PDE-Applied Math Archives for Academic Year 2021

On preservation of moduli of continuity by parabolic evolution

When: Thu, September 9, 2021 - 3:30pm
Where: Kirwan Hall 3206
Speaker: Hussain Ibdah (University of Maryland College Park ) - https://www.math.umd.edu/~hibdah/
Abstract: In this talk, we will investigate the propagation of Lipschitz regularity by solutions to various nonlinear, nonlocal parabolic equations. We will locally analyze models such as the Michelson-Sivashinsky equation, incompressible Navier-Stokes system, and advection diffusion problems that include the dissipative SQG equation. Depending on the model, we will either show global well-posedness, derive new regularity criteria, or provide different proofs to and generalize previously obtained results. In particular, we will show that for abstract drift-diffusion problems, it is possible to break certain, supercritical Holder-type barriers and get regularity, which is rather surprising.

Finite time singularities for nematic liquid crystal flow and Landau-Lifshitz-Gilbert equation

When: Thu, September 23, 2021 - 3:30pm
Where: Kirwan Hall 3206
Speaker: Yifu Zhou (Johns Hopkins University) - https://math.jhu.edu/~yzhou173/
Abstract: In this talk, we consider nematic liquid crystal flow (NLCF) and Landau-Lifshitz-Gilbert equation (LLG) in \R^2. (NLCF) is a system strongly coupling the nonhomogeneous incompressible Navier-Stokes equation and the transported harmonic map heat flow, while (LLG) serves as the basic evolution equation for the spin fields in the continuum theory of ferromagnetism. We will investigate how parabolic gluing method can be developed and applied to construct finite time blow-up solutions. This talk is based on joint works with Chen-Chih Lai, Fanghua Lin, Changyou Wang, Juncheng Wei and Qidi Zhang.

Weyl formulae for Schrodinger operators with critically singular potentials

When: Thu, October 7, 2021 - 3:30pm
Where: Kirwan Hall 3206
Speaker: Xiaoqi Huang (University of Maryland) - https://sites.google.com/view/xiaoqi-math/
Abstract: In this talk we shall discuss generalizations of classical versions of the Weyl formula involving Schr\"odinger
operators $H_V=-\Delta_g+V(x)$ on compact boundaryless Riemannian manifolds with critically singular
potentials $V$. In particular, we extend the classical results of Avakumovi\'{c}, Levitan and H\"ormander by obtaining $O(\lambda^{n-1})$ bounds for the error term
in the Weyl formula in the universal case when we merely assume that $V$ belongs to the Kato class,
${\mathcal K}(M)$, which is the minimal assumption to ensure that $H_V$ is essentially self-adjoint and
bounded from below or has favorable heat kernel bounds. We shall discuss both local point-wise and integral versions of Weyl formulae, and also improvements over the
error term under certain geometric conditions. This is based on joint work with Christopher Sogge and Cheng Zhang.

Evolution of mesoscopic interactions and scattering solutions of the Boltzmann equation

When: Thu, October 14, 2021 - 3:30pm
Where: https://umd.zoom.us/j/92329363134?pwd=KzBtRHo2dm5VUm5PU0hHWnNCSzJ1UT09
Speaker: Nima Moini (Berkley) - https://math.berkeley.edu/~nima/
Abstract: In this talk we will highlight some recent discoveries in kinetic theory. We will develop an uncertainty principle, new a-priori bounds and the concept of a blind cone with respect to an observer for the evolution particles in the mesoscopic scale solely based on conservation laws. We will show that the energy within any bounded set of the spatial variable is integrable over time. We will also discuss a generalization of these results for the 2-particle interactions and establish analogies to Morawetz and interaction Morawetz estimates for the nonlinear Schrodinger equation. We will demonstrate some applications for these estimates by showing that the total mass of the particles and interactions concentrate within a specific collection of arbitrarily acute blind cones with respect to any observer. This implies that, as uncertainty inevitably increases, particles will move away in a radial manner from any fixed observer thereby erasing the angular component of momentum. These results are independent of the specific structure of interactions, therefore they are also true for the Boltzmann equation. We will end the talk with a discussion about the Boltzmann equation. We will show the existence and uniqueness of a specific class of classical solutions to the Boltzmann equation with small initial data near vacuum. These solutions scatter to linear states in the $L^{\infty}$ norm, uniformly within any compact set of the spatial variable. Furthermore, we will discuss the asymptotic completeness of this class of solutions and establish another connection with the case of the nonlinear Schrodinger equation. Notably, this shows that solutions of the Boltzmann equation do not necessarily converge to a Maxwellian but can scatter to linear states arbitrarily close to any prescribed linear state.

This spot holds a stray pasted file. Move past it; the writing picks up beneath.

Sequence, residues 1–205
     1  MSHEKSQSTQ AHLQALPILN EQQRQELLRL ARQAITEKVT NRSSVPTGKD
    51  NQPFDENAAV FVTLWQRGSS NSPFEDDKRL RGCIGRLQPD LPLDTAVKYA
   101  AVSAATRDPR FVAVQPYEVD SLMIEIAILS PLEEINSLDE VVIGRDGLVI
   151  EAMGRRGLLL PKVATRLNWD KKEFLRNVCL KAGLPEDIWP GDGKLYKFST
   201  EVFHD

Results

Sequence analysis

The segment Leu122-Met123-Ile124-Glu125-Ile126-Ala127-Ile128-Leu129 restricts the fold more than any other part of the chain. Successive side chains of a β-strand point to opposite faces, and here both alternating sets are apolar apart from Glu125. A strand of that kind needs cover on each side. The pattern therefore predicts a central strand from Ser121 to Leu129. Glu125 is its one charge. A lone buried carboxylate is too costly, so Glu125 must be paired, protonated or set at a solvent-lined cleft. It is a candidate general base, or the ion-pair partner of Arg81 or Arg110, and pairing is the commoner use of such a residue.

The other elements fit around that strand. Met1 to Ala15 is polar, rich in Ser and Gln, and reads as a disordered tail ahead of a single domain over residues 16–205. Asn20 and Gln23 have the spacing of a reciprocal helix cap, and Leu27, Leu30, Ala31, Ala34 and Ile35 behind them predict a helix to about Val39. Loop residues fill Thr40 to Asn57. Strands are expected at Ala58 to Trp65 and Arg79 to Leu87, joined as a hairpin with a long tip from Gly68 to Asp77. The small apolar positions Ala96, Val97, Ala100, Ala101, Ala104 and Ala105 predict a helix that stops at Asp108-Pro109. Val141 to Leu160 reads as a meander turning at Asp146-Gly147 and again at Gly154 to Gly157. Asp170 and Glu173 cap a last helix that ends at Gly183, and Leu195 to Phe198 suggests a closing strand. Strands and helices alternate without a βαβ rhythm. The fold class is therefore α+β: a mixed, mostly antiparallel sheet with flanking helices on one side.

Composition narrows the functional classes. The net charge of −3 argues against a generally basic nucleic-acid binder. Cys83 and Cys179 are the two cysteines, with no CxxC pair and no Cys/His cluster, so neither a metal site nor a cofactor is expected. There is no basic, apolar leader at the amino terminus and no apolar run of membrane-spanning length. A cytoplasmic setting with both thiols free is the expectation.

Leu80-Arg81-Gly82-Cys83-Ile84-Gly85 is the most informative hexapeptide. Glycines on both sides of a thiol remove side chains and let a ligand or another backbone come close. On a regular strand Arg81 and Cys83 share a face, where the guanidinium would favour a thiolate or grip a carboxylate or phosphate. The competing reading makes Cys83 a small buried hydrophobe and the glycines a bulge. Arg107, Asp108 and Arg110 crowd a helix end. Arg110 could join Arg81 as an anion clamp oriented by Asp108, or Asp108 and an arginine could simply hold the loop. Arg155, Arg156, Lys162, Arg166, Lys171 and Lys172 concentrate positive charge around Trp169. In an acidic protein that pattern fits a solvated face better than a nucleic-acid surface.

Tools for multimodal sampling

When: Thu, October 21, 2021 - 3:30pm
Where: Kirwan Hall 3206
Speaker: Michael Lindsey (Courant Institute-NYU) - https://quantumtative.github.io
Abstract: The task of sampling from a probability distribution with known density arises almost ubiquitously in the mathematical sciences, from Bayesian inference to computational chemistry. The most generic and widely-used method for this task is Markov chain Monte Carlo (MCMC), though this method typically suffers from extremely long autocorrelation times when the target density has many modes that are separated by regions of low probability. We present several new methods for sampling that can be viewed as addressing this common problem, drawing on techniques from MCMC, graphical models, and tensor networks.

On the 2D Peskin problem

When: Thu, October 28, 2021 - 3:30pm
Where: Kirwan Hall 3206
Speaker: Robert Strain (University of Pennsylvania) - https://www2.math.upenn.edu/~strain/